- name: Ensure Apache is installed
 name: httpd
 state: latest

For Ubuntu, which uses the APT package manager, the apt module is used. It works similarly to the yum module but is adapted for Debian-based systems. To ensure that Ubuntu has the latest version of "nginx" (a high-performance web server) installed, use:

- name: Ensure Nginx is installed
 name: nginx
 state: latest
 update_cache: yes

8. Ansible ad hoc commands

Ansible ad hoc commands let you quickly perform simple tasks without writing a playbook. They are useful for tasks you need to perform immediately on your managed nodes. For example, to check the uptime of all servers in your "webservers" group, you could use:

ansible webservers -a "uptime"

This command uses the default command module to run the uptime command on all hosts in the "webservers" group.

9. Ansible Playbook

Ansible Playbooks are the core configuration, deployment, and orchestration language of Ansible. They allow you to define and execute a series of activities on one or more nodes managed in YAML format. Playbooks can perform a variety of operations, set variables, include other playbooks, or even handle error handling.

Here is a practical example of a playbook that ensures that the Apache web server is installed and running on a group of web servers:

 - name: Ensure Apache is installed and running
 hosts: webservers
 - name: Install Apache
 name: apache2
 state: present
 update_cache: yes
 become: yes

 - name: Start Apache
 name: apache2
 state: started
 enabled: yes
 become: yes

This playbook targets hosts in the webservers group, installs Apache using the apt module (assuming Debian/Ubuntu systems), and ensures that the service is started and enabled to run on startup.

To run the playbook:

ansible-playbook site.yml

10. Basic Ansible commands

Frequently used Ansible commands are:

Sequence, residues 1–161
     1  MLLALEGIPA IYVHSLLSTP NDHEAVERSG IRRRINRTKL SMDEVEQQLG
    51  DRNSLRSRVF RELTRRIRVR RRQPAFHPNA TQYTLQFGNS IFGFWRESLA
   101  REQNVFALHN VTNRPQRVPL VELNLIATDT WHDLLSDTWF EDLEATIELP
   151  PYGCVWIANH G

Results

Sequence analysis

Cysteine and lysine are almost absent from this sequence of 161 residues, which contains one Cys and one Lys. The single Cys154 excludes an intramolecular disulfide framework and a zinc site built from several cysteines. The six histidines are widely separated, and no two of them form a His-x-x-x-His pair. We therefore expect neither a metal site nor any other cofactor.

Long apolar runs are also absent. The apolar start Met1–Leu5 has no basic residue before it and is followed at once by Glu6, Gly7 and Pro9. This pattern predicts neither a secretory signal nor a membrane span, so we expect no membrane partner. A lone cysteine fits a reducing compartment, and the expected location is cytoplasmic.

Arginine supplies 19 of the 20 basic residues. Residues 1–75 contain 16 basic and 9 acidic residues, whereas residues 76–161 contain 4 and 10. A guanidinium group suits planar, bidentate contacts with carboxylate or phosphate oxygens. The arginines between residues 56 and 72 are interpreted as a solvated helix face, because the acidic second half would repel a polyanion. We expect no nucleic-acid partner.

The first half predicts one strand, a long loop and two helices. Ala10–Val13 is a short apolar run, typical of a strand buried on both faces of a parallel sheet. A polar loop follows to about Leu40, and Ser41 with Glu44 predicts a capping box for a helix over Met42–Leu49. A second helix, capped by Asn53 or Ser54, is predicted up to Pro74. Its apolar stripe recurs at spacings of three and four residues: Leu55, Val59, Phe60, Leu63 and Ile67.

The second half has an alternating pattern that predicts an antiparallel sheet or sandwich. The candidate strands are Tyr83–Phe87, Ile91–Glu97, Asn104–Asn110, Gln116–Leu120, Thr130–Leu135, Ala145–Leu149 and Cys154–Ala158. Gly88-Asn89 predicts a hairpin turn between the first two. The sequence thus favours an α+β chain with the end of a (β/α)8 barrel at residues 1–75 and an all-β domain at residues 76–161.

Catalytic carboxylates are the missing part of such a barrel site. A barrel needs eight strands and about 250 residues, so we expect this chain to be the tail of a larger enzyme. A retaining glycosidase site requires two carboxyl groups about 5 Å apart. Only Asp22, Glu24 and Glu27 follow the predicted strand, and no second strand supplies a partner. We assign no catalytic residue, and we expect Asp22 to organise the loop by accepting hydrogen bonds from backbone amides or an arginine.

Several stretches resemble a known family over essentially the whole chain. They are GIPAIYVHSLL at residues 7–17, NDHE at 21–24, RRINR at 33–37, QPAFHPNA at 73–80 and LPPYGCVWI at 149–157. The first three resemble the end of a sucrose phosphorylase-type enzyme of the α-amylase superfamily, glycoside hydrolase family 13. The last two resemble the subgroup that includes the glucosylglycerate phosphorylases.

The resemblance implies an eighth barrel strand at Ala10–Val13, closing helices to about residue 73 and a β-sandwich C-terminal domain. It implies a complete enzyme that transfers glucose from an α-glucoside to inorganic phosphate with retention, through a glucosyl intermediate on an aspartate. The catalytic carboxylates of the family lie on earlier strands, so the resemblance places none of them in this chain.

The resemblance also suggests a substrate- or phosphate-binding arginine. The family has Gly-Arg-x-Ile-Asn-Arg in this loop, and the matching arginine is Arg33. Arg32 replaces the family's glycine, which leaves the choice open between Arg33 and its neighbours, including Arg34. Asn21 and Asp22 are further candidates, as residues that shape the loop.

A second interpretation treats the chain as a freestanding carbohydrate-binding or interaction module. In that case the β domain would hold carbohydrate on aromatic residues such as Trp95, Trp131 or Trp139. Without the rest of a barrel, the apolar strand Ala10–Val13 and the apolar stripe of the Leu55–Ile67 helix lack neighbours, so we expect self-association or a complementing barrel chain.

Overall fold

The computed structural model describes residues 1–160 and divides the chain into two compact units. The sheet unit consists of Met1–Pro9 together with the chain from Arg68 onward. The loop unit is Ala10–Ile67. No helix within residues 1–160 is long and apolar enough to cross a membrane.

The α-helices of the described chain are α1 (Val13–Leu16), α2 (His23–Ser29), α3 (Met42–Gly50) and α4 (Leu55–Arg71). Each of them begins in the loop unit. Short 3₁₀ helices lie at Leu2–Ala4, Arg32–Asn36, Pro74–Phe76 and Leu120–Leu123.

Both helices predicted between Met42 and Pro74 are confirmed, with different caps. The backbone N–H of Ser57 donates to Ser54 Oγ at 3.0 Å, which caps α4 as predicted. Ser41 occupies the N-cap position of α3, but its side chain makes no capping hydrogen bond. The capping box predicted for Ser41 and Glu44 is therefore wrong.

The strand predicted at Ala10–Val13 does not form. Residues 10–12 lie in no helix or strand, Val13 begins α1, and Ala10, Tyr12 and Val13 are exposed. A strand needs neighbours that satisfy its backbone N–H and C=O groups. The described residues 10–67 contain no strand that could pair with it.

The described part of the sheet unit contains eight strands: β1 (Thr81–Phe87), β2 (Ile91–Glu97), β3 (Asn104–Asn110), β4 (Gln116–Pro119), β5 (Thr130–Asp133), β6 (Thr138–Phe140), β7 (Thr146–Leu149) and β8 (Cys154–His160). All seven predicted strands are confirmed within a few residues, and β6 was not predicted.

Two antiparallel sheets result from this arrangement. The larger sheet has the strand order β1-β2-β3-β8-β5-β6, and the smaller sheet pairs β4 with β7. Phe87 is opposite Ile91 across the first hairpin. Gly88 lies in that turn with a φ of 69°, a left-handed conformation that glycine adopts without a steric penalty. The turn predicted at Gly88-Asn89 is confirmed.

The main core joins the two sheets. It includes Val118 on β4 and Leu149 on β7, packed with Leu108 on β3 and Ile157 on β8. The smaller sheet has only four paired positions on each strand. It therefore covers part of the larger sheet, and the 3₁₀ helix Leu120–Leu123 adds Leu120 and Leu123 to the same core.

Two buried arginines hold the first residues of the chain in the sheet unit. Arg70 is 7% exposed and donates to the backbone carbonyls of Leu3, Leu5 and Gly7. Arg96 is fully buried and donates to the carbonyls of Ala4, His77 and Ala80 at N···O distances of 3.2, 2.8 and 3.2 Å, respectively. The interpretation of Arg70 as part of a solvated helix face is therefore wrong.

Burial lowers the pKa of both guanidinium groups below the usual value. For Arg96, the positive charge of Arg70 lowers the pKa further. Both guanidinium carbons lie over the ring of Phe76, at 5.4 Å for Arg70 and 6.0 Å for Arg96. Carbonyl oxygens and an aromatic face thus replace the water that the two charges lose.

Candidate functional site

The ansible command is used to immediately execute tasks on target hosts, without the need for a playbook. It is ideal for running ad hoc commands for quick tasks. For example, to check disk space on all servers in your inventory, you could use:

ansible all -m shell -a 'df -h'


ansible-playbook runs Ansible playbooks, which are scripts that define a set of tasks to run on target hosts. Playbooks are written in YAML and offer a powerful way to automate complex multi-tier IT application environments. For example, to deploy a web application:

ansible-playbook deploy_app.yml


ansible-galaxy is a command-line tool for managing Ansible roles, allowing reuse of common configuration steps. Interacts with the Galaxy website where users can share roles. To install a role from Galaxy, you could use:

ansible-galaxy install username.rolename


Ansible offers a powerful framework to automate and manage your IT infrastructure with simplicity and efficiency. By mastering its configuration files, commands, and practical applications, DevOps professionals can significantly improve their operations, ensuring scalable, reliable, and maintainable systems. As you continue to explore Ansible's capabilities, remember that its community and ecosystem are rich resources for learning and growth.